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In the Sierra Madre

The Sierra Madre makes us work hard to cross them. Mescal distillers, steep roads, and mysterious mountain towns. (Map this!)

“Si Senor, this road is very good!”, said the bicyclist about the shortcut to Juquila. Our ten year old map did not show any road at all, but here was a beautiful road going exactly where we wanted and would shave off over four and a half hours of tough Mexican mountain driving. The road wound into the Sierra Madre, where one doesn’t need no stinkin’ badges. A steep grade kept me shifting between second and third on a roadbed without exhaust belching trucks and an absence of the dreaded speed bumps or ‘topes’ as they are called in Spanish.

Incredibly the road kept getting better and better. What dedication, to build such a fine road to such an out of the way place such as Juquila! We passed the asphalt truck and bid a cheery ‘Buenos Dias!’ to the work crew…and then the road STOPPED. In front of us stretched a narrow dirt track clinging to the Sierra Madre, with 1000+ foot drops into the valley. We looked at each other and grinned as I enabled the low gearing on the FJ. Streams had partially washed out small sections, but otherwise the dirt track was good, despite being steep and narrow. After sixteen dusty miles we pulled into the town of Juquila.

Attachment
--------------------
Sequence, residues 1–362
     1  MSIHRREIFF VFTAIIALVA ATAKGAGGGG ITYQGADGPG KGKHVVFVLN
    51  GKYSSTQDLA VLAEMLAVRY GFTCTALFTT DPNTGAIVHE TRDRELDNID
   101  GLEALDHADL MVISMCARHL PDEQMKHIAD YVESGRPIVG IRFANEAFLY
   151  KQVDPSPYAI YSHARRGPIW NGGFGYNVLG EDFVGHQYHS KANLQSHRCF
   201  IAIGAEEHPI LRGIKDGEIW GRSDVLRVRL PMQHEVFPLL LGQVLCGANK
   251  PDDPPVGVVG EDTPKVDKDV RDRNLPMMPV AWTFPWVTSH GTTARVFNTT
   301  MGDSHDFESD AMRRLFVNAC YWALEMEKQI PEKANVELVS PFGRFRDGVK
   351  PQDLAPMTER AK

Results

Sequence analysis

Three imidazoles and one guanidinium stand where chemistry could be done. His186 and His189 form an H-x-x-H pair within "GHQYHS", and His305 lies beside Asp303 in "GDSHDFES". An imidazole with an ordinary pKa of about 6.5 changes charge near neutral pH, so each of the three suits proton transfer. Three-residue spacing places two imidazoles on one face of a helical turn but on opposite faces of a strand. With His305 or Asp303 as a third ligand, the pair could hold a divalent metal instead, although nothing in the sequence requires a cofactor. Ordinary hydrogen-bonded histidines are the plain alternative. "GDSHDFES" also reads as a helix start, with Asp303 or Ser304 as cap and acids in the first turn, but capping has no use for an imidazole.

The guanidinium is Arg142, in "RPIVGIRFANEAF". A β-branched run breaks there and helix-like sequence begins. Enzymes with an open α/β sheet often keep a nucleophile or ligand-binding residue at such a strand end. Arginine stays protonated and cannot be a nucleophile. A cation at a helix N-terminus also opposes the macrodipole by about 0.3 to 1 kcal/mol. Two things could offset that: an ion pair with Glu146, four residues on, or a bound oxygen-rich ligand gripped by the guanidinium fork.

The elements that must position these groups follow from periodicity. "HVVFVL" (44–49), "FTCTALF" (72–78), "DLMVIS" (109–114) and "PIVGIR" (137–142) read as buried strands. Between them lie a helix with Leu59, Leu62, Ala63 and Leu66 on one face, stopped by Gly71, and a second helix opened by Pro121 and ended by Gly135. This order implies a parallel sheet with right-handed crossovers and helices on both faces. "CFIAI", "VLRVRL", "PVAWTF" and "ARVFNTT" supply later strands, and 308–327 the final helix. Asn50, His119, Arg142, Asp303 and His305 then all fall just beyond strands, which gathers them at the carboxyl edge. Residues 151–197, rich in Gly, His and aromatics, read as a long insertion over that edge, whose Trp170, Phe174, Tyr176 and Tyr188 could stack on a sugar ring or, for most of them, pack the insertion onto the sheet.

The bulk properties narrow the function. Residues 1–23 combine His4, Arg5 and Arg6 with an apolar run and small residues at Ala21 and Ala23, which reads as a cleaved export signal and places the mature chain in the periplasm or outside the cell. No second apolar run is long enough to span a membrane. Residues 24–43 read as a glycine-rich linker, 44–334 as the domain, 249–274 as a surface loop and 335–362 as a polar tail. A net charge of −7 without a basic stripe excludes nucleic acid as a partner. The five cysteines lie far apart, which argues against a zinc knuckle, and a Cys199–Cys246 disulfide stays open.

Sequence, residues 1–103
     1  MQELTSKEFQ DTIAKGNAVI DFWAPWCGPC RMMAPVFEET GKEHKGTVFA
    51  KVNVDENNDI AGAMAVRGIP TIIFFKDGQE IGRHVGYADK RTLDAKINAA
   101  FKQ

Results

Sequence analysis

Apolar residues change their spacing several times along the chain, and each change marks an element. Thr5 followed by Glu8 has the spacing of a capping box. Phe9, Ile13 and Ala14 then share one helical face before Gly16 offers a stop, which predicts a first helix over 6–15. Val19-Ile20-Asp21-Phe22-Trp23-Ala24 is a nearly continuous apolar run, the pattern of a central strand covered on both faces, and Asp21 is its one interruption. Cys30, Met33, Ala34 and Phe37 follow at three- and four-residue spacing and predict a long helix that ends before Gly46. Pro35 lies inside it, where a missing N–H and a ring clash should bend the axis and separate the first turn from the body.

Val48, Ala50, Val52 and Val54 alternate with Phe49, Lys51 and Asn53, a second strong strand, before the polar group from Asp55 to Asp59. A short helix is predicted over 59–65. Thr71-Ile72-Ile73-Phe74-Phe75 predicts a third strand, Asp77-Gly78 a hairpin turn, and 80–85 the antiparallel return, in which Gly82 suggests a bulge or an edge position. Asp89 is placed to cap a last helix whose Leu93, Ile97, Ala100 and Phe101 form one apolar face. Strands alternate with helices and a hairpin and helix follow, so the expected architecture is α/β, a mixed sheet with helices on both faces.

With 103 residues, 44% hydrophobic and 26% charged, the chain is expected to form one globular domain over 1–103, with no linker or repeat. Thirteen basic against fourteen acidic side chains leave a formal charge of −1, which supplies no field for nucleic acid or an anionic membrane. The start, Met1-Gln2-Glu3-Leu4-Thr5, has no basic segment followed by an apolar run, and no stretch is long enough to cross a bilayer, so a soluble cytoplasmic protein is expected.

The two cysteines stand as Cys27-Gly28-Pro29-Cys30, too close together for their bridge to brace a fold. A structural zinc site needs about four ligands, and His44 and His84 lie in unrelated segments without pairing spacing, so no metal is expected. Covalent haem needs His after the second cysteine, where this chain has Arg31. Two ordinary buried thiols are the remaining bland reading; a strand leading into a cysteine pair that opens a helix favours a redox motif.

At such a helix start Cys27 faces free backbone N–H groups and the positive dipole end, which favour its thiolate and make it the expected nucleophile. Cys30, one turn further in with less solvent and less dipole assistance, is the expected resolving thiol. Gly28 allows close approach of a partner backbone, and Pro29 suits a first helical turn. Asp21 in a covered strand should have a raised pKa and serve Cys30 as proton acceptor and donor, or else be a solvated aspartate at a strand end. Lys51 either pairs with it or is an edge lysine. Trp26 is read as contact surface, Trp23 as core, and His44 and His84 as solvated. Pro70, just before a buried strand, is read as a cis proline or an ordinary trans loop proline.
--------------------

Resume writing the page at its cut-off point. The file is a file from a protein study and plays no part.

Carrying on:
sierra-madre dr-jesus juquila-stalls

Juquila is high in the Sierra Madre and the climate is refreshingly cooler. It is famous for the Virgin of Juquila, a frail statue revered by the Mexicans. The carved figure is set high above the altar and is barely visible, heightening the sense of mystery surrounding her. Similar to the Jade Buddha that can only be seen with binoculars, the virgin of Juquila is unapproachable by the commoner who has come miles to see her. Old women on their knees slowly scraped their way to the altar, such is the devotion she commands. The side market abound with religious and devotional artifacts such as portraits, Jesus dolls, candles, and other knick-knacks.

2 Responses to “Taking a short-cut through the Sierra Madre”

  1. madhuri says:

    The mountains look kind of dry? Strange for this time of the year..

  2. Shreesh says:

    Madhuri –

    This is the dry season for this part of the world. The rains come in June/July and last till November. We are about at the same latitude as the South of India.

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